It struck me as I sifted through the papers and board agendas that there was a huge difference in the quality of board papers and board agendas between the various companies which I had been involved with. Then when I compared company performance with what I considered the quality board papers, not surprisingly these were the companies that had outperformed the others both in implementing growth strategies, revenue and profit enhancement, and adding shareholder value. Now this may be coincident and the sample group is certainly not large nor sufficiently diverse enough to be able to reach a definitive conclusion. Nevertheless, there was a thread of logic that roused my professional curiosity and got me thinking about my own experiences as Chairman and the quality of board paper presentation I have demanded which inevitably raised the question: “could I have improved on the standards I set and would this have improved the shareholders wealth?”
A few rules I have (besides the simple administrative ones) which I believe are the catalyst for ensuring quality in both board papers and agenda’s are:
- Each paper presented must be signed off by the CEO as being approved for board presentation regardless of whom the author is.
- Maximum length of any paper, three A4 size pages.
- The board agenda is jointly developed and agreed between the Chairman and CEO, including ensuring the items signalled for follow up in the last board minutes are covered.
- The agenda is split into various sections. After the administrative process, apologies, approval of minutes etc the distinct sections which papers are slotted into are in no specific order:
- (a) Follow through: items that the board asked for more information on or follow up on at the last board meeting.
- (b) Subcommittee reports: including any decisions that the full board may need to ratify relevant to the subcommittee recommendations.
- (c) Strategic monitoring: reporting on progress and variance against the strategic plan and actions to be taken to rectify any shortfalls.
- (d) Decision papers: issues and or processes including new programs or expenditure, communication plans etc which require board discussion and approval.
- (e) Information papers: making the board aware of issues which affect the company but no immediate action is required. Also signalling issues that may in the future require board papers requiring board approval.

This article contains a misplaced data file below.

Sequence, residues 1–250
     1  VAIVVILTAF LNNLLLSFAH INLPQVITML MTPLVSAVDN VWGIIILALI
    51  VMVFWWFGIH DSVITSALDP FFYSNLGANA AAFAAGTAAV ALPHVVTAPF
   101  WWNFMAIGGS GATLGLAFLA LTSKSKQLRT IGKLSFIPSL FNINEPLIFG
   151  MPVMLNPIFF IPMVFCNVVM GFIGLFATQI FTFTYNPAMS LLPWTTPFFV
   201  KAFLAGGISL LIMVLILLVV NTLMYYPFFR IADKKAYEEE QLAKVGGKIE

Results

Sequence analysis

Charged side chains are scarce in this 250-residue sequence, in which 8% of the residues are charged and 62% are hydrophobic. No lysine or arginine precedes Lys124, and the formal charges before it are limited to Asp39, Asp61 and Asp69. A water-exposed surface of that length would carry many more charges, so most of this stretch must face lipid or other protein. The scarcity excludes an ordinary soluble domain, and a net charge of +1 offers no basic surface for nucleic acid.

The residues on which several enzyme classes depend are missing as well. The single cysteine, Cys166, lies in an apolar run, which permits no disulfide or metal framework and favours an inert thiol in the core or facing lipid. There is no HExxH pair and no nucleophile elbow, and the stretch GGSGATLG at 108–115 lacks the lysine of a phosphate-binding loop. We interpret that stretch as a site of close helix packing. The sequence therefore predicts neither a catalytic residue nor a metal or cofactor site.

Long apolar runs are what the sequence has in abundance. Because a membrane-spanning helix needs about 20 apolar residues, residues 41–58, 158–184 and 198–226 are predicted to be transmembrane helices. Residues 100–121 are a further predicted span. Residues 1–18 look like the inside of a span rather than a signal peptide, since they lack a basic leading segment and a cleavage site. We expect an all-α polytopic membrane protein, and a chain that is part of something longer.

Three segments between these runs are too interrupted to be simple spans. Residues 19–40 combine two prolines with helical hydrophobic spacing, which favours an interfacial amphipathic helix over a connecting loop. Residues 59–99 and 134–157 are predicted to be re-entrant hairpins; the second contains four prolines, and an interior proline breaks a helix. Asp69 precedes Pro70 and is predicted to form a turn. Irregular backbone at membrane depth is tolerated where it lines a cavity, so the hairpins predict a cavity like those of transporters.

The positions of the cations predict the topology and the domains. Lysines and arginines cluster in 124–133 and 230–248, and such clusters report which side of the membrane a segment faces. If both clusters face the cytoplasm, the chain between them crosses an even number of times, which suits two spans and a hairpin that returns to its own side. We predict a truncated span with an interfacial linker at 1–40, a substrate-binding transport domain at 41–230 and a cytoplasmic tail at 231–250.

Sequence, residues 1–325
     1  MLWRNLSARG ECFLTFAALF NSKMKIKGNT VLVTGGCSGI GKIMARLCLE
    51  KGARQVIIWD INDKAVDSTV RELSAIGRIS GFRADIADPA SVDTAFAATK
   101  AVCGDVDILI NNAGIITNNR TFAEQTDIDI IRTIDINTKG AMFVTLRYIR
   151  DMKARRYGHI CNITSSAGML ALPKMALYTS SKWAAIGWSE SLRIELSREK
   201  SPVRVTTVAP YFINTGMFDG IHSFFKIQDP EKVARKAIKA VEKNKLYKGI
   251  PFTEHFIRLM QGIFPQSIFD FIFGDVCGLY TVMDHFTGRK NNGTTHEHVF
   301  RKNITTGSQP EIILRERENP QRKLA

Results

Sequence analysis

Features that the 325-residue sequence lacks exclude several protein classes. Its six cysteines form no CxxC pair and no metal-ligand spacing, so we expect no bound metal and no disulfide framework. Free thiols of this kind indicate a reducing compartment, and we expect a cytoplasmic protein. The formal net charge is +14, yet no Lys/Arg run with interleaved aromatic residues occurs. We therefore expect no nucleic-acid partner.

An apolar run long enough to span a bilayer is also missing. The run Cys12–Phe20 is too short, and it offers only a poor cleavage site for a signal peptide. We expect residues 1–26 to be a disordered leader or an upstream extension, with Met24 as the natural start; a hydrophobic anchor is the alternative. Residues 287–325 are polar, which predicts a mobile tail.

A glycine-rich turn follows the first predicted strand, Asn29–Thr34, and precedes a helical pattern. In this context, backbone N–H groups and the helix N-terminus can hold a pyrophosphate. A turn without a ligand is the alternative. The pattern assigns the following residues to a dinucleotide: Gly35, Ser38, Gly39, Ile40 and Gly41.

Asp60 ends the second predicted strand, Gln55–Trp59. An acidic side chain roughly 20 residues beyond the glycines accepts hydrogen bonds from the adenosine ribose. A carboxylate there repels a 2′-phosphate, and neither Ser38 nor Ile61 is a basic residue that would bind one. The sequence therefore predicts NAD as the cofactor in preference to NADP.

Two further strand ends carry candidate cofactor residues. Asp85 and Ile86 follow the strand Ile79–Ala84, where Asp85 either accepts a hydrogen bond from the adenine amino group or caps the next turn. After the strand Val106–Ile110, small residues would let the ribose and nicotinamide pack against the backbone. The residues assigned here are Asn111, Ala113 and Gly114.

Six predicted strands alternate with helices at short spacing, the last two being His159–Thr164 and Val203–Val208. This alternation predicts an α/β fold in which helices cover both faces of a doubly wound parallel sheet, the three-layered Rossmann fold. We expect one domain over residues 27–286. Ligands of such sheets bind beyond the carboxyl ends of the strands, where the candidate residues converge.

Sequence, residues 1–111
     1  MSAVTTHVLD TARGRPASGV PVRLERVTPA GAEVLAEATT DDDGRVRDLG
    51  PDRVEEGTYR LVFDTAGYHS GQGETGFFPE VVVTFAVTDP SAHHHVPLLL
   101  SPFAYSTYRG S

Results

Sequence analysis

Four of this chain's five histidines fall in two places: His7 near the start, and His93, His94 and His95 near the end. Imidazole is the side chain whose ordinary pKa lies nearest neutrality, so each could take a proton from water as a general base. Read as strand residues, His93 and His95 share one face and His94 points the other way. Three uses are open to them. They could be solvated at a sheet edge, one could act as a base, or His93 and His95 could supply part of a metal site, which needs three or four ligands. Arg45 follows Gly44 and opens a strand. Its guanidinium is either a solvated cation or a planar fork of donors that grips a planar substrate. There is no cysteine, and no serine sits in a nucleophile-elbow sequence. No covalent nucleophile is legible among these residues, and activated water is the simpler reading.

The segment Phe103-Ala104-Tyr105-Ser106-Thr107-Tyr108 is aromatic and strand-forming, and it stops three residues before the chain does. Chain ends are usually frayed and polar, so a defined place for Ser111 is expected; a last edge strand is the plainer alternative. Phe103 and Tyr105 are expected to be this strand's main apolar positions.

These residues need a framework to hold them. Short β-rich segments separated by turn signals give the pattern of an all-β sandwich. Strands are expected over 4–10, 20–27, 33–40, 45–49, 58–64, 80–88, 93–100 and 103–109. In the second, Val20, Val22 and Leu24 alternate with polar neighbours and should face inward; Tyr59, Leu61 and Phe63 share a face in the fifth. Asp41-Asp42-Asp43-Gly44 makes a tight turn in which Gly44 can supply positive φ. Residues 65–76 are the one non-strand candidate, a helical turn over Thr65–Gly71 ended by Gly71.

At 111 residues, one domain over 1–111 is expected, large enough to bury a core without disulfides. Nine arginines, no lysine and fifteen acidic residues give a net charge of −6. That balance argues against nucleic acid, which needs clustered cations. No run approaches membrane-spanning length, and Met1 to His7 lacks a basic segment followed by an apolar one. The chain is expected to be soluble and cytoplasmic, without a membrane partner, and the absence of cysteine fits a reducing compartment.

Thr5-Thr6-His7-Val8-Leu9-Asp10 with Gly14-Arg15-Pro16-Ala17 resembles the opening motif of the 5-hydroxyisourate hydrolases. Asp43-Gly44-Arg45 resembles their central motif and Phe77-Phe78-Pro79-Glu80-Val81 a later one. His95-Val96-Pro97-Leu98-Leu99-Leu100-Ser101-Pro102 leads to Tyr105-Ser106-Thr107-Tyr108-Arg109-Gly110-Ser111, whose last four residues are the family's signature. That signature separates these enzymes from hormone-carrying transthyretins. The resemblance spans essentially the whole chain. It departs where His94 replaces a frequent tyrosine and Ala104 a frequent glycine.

- (f) Financial reporting: monthly and cumulative year results, risk evaluation, cash flows, margins, operating costs etc. Major focus on future projections rather than past performance.
- (g) Executive reports: CEO’s report limited to three pages with other executive reports limited to two pages.
I’ve found the above agenda format with some variations has worked well for myself in my Chairman roles but the question remains: could I have improved on the quality of the board papers being presented?.
So with the weather getting worse with the wind and rain I finished my office filing purge and having made great strides in emptying the bottle of single malt, (fifteen year old La Phroaig for those that are interested) I promised myself to focus on improving where ever possible the quality of board papers and board agendas with those companies with which I am involved with. The first step which I intend to take is to make “improving the quality of board papers” an agenda item for discussion at the next board meeting. Based on this discussion then obtain additional feedback from both the executive and the shareholders representatives. The next logical step is to then establish via the company’s governance charter a standard associated with board presentation and regularly monitor compliance and performance. I don’t believe this process will have any immediate effect on company performance but any improvement in the professional standards that govern boards’ professional behaviour has to be a bonus and provide a platform for soundly based decision making.
It struck me as I sifted through the papers and board agendas that there was a huge difference in the quality of board papers and board agendas between the various companies which I had been involved with.